Even very early on in the history of GR, Einstein was dismayed by the existence of the Schwarzschild solution as an exact solution of the field equations. He didn't like it on Machian grounds, since it described a gravitational field surrounding a single pointlike object, but based on Mach's principle such a thing should have no physical meaning unless there were two objects interacting.

When I said matter/energy also exists in its various forms, he said that energy is merely spacetime "waving/vibrating/acting",

This is conceivable, but is considered unlikely. See the WP article on geons. As a simple counterargument, if spacetime is "waving," then we're talking about a gravitational wave. But gravitational waves carry no electric charge.

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Of course, there's a version of Mach's principle, where you could argue that the inertia in the Schwarzschild spacetime is set by the asymptotic flatness of the solution, as is also the case inside a spinning thin shell of mass. The problem with Mach's principle is that it's vague enough that it can never really be true or false (or at least, you can motivate a "Mach's principle" that is inspired enough by GR that it is consistent). I wish people would stop teaching it, irrespecitvely. It's more misleading than it is instructive. –  Jerry Schirmer Sep 16 '13 at 22:48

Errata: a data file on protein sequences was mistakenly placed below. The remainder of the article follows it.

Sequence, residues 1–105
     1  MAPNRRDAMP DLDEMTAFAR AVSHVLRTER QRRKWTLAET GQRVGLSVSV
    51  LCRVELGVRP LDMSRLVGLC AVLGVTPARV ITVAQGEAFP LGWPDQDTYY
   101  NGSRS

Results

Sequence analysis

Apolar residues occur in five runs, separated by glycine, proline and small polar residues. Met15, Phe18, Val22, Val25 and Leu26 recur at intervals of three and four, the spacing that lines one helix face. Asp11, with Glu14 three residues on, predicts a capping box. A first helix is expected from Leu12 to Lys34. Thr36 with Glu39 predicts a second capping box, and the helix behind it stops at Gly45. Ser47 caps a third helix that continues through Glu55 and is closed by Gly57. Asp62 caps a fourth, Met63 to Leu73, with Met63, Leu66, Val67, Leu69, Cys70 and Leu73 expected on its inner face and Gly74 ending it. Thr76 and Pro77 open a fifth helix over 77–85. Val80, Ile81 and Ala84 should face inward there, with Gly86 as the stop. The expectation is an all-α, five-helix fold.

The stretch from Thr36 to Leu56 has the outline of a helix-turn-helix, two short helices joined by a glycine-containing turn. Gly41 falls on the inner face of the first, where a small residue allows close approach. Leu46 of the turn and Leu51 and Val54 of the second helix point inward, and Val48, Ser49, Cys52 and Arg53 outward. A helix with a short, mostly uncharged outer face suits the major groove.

@JerrySchirmer: Of course, there's a version of Mach's principle, where you could argue that the inertia in the Schwarzschild spacetime is set by the asymptotic flatness of the solution I've never seen Mach's principle formulated in this way, and it doesn't seem reasonable to me. Mach's principle has to do with distant matter, not with asymptotic properties of empty space. I really don't think this is controversial. Re vagueness, I disagree, for the admittedly more subjective reasons given in my answer to physics.stackexchange.com/questions/5483/… . –  Ben Crowell Sep 17 '13 at 3:48
    
I get what you're saying, but I don't see why 'the distant stars' couldn't just as easily be interpreted to mean 'the sphere at infinity' in a modern sense. It's just a different interpretation of the same basic idea, and I've seen John Archibald Wheeler write it down this way before.. –  Jerry Schirmer Sep 17 '13 at 4:11
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I don't think Einstein is anything about space time dynamics containing the description of matter and their properties. Or even about Gravitational waves existing independently without any matter being present.

I think he is saying something very different all together( and I could be wrong).

Space time is defined through how events co-ordinate, and an event by its definition implies that it is a material interaction. So any perception of space time and its properties implicitly contains within the limitation that we have to use matter and its properties to probe it. Thus spacetime is meaningless if it is seen to exist separately from the material whose behavior it describes.